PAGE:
Peppercorns – Pepper is the most commonly used spice and is sometimes known as the king of spices. It is the fruit of a perennial vine which bears berries or peppercorns. The black, white, red, and green varieties all come from the same plant, the difference in colour occurs in the way they are processed. Black pepper is made by drying green peppercorns in the sun while white pepper is made when ripe berries are softened in water, hulled and then dried. Peppercorns contain a complex essential oil called piperin.
They are good for digestive problems like diarrhoea and dyspepsia and circulatory problems such as chilblains. They stimulate the heart and peripheral circulation, although excessive consumption of pepper may aggravate any inflammation of the stomach and intestines. They are also good for the immune system for colds and sore throat.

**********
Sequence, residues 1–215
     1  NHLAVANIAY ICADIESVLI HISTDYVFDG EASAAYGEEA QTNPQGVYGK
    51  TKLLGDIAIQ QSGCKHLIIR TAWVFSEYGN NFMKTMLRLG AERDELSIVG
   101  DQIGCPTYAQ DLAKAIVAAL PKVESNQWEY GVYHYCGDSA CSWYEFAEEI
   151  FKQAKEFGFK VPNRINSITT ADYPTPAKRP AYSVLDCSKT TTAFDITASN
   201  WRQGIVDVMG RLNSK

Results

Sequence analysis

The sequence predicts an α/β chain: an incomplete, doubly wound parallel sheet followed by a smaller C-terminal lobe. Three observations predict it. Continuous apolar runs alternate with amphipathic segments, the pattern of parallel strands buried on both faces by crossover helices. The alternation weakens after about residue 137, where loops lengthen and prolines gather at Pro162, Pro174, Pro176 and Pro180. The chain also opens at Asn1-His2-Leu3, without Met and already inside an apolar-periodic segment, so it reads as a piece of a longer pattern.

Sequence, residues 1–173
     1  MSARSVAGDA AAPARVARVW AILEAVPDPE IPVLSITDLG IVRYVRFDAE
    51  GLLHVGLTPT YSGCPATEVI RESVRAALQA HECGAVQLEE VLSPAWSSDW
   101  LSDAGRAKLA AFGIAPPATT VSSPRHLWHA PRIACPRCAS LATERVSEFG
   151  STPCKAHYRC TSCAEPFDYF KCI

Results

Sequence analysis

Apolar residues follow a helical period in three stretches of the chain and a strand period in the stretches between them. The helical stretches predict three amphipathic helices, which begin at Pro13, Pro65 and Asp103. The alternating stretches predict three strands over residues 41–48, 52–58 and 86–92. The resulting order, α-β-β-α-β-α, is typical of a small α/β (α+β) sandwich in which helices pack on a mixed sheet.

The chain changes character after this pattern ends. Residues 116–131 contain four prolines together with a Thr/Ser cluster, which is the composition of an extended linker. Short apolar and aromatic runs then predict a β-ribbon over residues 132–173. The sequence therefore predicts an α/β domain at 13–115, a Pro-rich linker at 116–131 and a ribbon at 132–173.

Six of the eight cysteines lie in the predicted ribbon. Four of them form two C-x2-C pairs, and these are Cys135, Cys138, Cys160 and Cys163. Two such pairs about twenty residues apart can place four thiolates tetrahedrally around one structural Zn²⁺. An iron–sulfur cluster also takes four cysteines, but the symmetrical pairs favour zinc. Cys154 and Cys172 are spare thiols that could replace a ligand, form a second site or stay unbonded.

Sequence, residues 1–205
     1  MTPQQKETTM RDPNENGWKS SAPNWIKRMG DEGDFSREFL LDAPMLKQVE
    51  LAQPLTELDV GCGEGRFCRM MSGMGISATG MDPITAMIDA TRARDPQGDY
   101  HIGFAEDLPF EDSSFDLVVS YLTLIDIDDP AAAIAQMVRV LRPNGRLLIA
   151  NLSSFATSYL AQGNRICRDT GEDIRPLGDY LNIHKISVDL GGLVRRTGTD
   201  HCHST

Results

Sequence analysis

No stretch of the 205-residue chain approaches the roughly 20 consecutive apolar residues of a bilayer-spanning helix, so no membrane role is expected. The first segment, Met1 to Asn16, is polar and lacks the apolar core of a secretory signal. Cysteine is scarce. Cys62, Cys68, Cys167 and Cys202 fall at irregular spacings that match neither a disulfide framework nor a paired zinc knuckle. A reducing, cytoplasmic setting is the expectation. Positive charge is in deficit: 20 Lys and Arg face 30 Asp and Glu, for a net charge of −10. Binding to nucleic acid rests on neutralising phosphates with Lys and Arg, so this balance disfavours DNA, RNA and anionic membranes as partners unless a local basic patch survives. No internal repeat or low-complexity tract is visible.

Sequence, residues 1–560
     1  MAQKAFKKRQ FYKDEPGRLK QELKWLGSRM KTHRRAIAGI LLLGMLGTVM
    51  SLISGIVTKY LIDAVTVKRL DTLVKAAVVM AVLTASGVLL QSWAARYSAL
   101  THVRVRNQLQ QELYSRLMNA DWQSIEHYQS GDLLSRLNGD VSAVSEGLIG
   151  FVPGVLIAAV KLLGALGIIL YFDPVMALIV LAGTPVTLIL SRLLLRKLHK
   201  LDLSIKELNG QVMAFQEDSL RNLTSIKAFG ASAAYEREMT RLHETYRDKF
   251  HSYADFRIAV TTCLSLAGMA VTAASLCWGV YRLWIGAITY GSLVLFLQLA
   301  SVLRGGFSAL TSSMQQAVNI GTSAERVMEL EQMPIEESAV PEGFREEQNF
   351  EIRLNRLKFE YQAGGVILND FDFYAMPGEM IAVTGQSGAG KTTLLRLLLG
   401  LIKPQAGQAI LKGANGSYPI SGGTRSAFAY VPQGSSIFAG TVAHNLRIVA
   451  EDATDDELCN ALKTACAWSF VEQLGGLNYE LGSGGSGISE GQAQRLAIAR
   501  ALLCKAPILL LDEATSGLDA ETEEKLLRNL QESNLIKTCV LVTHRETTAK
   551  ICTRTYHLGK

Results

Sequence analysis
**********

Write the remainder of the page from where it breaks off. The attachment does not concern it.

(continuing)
Turmeric – is the root or rhizome of a herbaceous perennial plant related to the ginger family. This bright yellow bitter tasting spice is sold ground, although the small roots are also available fresh or dried. Like ginger it needs to be peeled and ground before using. Although used mainly for colour, this spice imparts a subtle flavour, and should generally be used sparingly. Turmeric aids immunity by enhancing the health of the liver. It also mops up free radicals and so helps fight degenerative diseases. It contains a host of minerals and vitamins and is also used extensively for antibacterial, anti inflammatory, antiseptic, and antioxidant purposes.